RIM BlackBerry PlayBook
Netbook Navigator Nav 9 Slate
Samsung Galaxy Tab
Toshiba Folio 100
Viewsonic Viewpad 7
Apple's iPad is here and selling by the truckload. It's busily redefining the whole mobile PC market by making touchscreen-only tablet PCs cool, hip, and user-friendly. It was long-awaited and hotly-rumored before it arrived earlier in 2010. But oddly enough, despite all that warm up, it hasn't had any real rivals arrive in the intervening months. Until now that is: An army of iPad competitors, clones, family members and bare-faced copies are about to march into battle. We took a stroll among 'em, and picked the best, most interesting or just the weirdest to show you.
It was rumored, and now it's here--or at least, it's been revealed: RIM's answer to the iPad, and its attempt to steal marketshare from iPad in the enterprise space (RIM's habitual home). When it becomes real, it will reportedly connect to BlackBerry smartphones for 3G tethering, and also for all the high-security traditional BlackBerry business goodness. And it's specced to beat this year's iPad. Sadly, by the time it's scheduled to arrive Apple's tech will have marched far on, but at least RIM is keeping some specs close to its chest before it finalizes the design (like the all-important price!).
Price: Unknown, but rumors are form $200 to $1,000
Screen: 7-inch, 1024 by 600 pixel multi-touch
Specs: BlackBerry QNX-based Tablet OS, 1GHz dual-core CPU, 1GB RAM, Flash 10.1 capable, Wi-Fi N, Bluetooth 2.1, HDMI-out, 5 megapixel auto-focus rear webcam, 3 megapixel front-camera, dedicated app store
Due: "Mid 2011.
Fast Company Five Word Review: Amazingly promising, alas too late.
Avaya is taking a leaf from Apple's copybook and "thinking differently" with the A175. It's not aimed at consumers at all, and is squarely targeted at the office cubicle employee, since it combines phone/video conferencing functions, computer power and office collaboration in one suite. It sports Avaya's own Flare interface to help with this, as well as a larger screen than most in its class. It does run Android apps, but to pay for all this power you'll need to fork over enterprise-like pricing: It's going to cost a lot.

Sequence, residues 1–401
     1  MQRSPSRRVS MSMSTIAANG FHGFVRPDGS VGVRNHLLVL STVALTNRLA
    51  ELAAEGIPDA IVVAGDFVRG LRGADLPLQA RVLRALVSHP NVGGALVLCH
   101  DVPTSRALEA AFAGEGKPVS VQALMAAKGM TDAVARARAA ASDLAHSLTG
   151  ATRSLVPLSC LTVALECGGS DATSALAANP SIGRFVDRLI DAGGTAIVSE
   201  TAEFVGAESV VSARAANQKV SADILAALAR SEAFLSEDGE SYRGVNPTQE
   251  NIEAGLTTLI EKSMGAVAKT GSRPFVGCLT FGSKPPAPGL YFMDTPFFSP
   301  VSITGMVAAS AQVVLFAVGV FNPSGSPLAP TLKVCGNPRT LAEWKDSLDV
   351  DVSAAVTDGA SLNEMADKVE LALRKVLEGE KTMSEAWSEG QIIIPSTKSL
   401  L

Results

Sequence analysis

Price: Approximately $1,500 to $2,000
Screen: 11.5-inch, multitouch
Specs: Avaya Flare UI, 3 USB ports, 3G/4G, wireless, battery when used away from wall-powered desk installation
Fast Company Five Word Review: Big-screened, big business prices.
The Navigator Nav 9 is like a sister slate to the ExoPC, but it sports a plain 'ol regular Windows 7 OS. It's slightly larger than many of the other tablets that we're expecting, and inside an Intel Atom purrs away. It's not got a multitouch screen, presumably to save on costs, and many of its specs make it seem like a modified netbook. This is both its strength, and its weakness.
Price: Approximately $599+ with configurable options
Screen: 8.9-inch, 1024 by 600 pixel resistive (non-multitouch)
Specs: Windows 7 Home Premium, Intel Atom N280 1.66 GHz CPU, 1- to 2-GB RAM, 16-64 GB SSD, Wi-Fi N, Bluetooth 2.1, 3 USB sockets, VGA out, 1.3 megapixel webcam, SD card expansion, dedicated app store
Due: Unknown, but may be soon.
Fast Company Five Word Review: Early, big, not so powerful.
Leading the pack, of course: Apple's long-awaited tablet PC is selling almost as fast as it can roll off the production line. It's the first, it's powerful, it has an enormous App Store ecosystem to support it, it integrates with Apple's other hardware and with iTunes seamlessly (for future AirPlay powers). It has Apple's shiny cool-as-a-cucumber cachet. And it's even seeing rapid adoption in a business environment--one way it should be a guaranteed long-run success, as business folks chase the next and greater edition.
Price: $500 to $830
Screen: 9.7-inch IPS multitouch, 1024 by 768 pixels
Specs: 1GHz Apple A4 CPU, 16- to 64-GB storage, accelerometers, 720p video-out, Wi-Fi N compatible, optional 3G/GPS, Apple iOS operating system.
Due: Already on sale.
Fast Company Five Word Review: The gold standard to beat.
Samsung's Galaxy Tab takes as many design cues as it possibly can from the iPad (it's even got a 30-pin connector, sadly not iPad compatible), but may be the biggest rival to Apple's slate. Samsung's powerful market presence will help with this.
Screen: 7-inch TFT LCD with multitouch, 1024 by 600 pixels